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Giles Fraser: Seeking out unity in the wilderness

Preaching is always a challenge at the best of times. But preaching in Westminster Cathedral, the mother church of English Roman Cath­olicism, for the Week of Prayer for Christian Unity, on Tuesday, just three days after the inauguration of the Ordinariate of Our Lady of Walsingham, was especially chal­lenging.

It was on the very spot where three former C of E bishops com­pleted their lightning change to Roman orders, doing in two weeks what others take seven years to achieve. It felt rude to mention the goings-on of last Saturday. It felt dishonest not to.

In truth, I still do not understand the whole idea of the Ordinariate. Apparently, it is some way of folding aspects of Anglicanism into the broader Roman Church. But which aspects: some hymns, synodical gov­ernment, wives? Most of those who would avail themselves of this option have been crypto-Romanists for years: much more Roman Missal than Book of Common Prayer.

Yet it does not matter whether the Ordinariate makes little sense to those like me. If people come to the conclusion that their spiritual home is really within Roman Catholicism, then they ought to secede, and they should to do so with the blessing of all involved.

What I am really not sure about is how all this was intended by the Pope as a contribution “to the wider goal of visible unity between our two Churches”, as Archbishop Vincent Nichols, head of the Roman Catholic Church in England and Wales, de­scribed it in his sermon on Saturday.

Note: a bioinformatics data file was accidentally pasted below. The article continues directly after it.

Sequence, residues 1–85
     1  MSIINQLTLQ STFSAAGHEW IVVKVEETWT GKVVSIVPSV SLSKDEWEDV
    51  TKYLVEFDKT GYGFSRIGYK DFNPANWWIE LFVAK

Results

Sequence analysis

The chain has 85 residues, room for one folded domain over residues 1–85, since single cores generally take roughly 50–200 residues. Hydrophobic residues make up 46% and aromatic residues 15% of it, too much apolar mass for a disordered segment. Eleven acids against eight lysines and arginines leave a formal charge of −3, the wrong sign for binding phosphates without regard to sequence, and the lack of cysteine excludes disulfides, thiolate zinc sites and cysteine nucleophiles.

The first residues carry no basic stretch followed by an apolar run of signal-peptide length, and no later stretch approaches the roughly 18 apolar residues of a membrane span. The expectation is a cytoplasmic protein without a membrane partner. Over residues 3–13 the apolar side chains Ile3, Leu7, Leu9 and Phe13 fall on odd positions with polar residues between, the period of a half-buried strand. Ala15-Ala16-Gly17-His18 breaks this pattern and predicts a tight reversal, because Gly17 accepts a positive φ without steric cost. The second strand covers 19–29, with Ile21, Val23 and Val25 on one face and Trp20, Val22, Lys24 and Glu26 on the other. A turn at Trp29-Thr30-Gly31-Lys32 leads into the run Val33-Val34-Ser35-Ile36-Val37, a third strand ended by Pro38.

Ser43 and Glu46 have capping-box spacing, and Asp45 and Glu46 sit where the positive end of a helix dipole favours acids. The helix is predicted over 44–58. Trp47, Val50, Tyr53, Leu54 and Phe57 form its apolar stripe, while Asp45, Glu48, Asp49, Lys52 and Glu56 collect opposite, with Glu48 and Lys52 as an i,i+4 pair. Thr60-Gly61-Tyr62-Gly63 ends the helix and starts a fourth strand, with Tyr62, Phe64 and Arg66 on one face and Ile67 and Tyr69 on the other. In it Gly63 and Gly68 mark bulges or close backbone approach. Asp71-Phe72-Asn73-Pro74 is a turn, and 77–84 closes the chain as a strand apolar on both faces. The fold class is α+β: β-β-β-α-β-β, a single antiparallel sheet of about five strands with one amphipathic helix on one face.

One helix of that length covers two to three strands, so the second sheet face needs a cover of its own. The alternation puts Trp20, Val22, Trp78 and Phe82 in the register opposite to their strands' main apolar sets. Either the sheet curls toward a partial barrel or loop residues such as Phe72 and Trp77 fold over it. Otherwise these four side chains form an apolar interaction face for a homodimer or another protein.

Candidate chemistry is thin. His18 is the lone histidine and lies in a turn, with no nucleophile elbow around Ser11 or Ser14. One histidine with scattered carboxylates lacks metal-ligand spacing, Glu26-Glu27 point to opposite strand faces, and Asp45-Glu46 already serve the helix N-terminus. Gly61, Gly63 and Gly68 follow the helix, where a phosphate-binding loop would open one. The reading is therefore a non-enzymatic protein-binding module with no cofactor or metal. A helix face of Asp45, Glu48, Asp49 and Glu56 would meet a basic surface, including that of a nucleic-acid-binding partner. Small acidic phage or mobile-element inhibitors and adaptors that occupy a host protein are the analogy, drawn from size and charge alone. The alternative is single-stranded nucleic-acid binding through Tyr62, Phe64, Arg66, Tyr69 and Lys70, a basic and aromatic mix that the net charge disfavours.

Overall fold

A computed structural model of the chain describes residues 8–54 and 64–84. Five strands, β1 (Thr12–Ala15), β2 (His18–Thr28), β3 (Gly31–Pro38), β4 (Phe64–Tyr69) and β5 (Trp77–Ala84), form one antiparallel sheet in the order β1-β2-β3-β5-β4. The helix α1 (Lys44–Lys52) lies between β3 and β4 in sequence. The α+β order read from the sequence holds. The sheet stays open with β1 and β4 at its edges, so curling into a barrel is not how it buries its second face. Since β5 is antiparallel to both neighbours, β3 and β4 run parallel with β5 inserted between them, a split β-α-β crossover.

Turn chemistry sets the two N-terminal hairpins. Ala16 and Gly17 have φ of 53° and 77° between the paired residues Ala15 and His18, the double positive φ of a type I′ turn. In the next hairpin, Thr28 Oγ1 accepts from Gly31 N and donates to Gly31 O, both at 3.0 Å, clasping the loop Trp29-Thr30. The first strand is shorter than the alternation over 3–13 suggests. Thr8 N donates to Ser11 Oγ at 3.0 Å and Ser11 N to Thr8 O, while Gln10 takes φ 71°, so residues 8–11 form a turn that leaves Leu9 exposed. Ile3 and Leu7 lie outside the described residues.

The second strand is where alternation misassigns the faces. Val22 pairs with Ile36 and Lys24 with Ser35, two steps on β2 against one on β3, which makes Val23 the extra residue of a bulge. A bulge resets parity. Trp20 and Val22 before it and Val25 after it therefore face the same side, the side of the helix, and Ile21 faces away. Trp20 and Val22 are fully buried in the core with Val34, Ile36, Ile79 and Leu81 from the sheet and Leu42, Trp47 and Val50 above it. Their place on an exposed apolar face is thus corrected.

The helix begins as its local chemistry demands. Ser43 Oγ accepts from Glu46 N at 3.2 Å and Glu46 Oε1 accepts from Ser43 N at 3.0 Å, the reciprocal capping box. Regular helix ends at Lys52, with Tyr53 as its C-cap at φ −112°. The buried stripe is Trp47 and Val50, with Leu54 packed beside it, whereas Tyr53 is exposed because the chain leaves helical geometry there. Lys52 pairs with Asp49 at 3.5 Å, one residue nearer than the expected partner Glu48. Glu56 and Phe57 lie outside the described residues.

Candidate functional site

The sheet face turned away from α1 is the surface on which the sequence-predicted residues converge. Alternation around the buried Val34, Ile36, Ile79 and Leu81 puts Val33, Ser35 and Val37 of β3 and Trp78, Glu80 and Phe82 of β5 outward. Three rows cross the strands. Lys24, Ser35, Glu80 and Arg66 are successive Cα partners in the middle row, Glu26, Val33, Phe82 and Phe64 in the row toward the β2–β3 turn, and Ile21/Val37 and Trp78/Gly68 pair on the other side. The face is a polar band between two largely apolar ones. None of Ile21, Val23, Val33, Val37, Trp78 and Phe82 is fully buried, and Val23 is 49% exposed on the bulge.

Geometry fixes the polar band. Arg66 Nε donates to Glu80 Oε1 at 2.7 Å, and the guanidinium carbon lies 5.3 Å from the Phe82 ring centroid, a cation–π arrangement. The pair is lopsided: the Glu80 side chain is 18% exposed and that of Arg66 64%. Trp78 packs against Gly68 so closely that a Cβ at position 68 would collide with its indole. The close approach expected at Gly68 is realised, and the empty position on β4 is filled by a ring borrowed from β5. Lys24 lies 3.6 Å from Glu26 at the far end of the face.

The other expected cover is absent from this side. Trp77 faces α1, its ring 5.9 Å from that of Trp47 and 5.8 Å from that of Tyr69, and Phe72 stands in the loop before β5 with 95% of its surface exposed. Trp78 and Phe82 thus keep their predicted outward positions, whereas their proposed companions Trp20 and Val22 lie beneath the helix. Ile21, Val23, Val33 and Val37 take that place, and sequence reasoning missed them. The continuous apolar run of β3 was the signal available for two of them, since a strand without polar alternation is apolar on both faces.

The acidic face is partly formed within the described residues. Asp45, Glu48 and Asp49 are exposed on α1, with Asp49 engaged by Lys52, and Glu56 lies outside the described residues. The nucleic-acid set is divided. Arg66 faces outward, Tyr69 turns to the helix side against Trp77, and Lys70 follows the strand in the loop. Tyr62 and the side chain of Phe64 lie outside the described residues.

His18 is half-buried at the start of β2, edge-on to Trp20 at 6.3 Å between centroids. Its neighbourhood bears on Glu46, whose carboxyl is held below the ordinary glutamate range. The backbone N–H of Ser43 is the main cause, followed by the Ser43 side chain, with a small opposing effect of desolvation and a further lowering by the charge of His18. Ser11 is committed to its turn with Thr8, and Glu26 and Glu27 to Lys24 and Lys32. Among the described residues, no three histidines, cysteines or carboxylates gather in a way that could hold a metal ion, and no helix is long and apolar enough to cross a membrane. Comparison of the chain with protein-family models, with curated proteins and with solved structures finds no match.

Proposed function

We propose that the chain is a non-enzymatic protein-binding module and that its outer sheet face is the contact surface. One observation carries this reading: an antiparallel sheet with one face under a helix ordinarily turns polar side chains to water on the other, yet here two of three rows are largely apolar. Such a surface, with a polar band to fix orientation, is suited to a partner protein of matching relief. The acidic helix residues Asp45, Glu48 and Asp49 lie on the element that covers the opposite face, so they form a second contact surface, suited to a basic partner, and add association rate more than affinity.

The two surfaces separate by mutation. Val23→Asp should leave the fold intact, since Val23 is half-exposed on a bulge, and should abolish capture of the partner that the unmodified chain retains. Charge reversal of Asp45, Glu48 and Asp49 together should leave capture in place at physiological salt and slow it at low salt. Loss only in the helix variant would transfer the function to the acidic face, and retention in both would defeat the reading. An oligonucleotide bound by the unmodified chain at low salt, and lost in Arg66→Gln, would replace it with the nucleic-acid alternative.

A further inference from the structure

Unity for the Roman Church seems to be on her terms, and hers alone. From an Anglican per­spective, it often feels like a one-way street. Thus what some regard as dialogue, others see as little more than an invitation to swim the Tiber.

All this suggests that we may be entering another ecumenical winter with Rome. The Gospel reading for Tuesday was Mark’s version of Jesus’s baptism, after which Jesus was driven out into the wilderness for 40 days. The editor of The Tablet, Catherine Pepinster, told me about the story that you should always watch the birds in the desert; for they eventually fly to where the water is.

A sermon began to form. Forget church politics. The wilderness — even an ecumenical one — is an op­portunity to discover what is most important: to search out the source of life, and to share that life with others. This is what all baptised Christians are called to do. We are led to the source of life not by a flock of birds, but by that divine dove, the Holy Spirit. This is the basis of our unity.

The Revd Dr Giles Fraser is Canon Chancellor of St Paul’s Cathedral and Director of the St Paul’s Institute.

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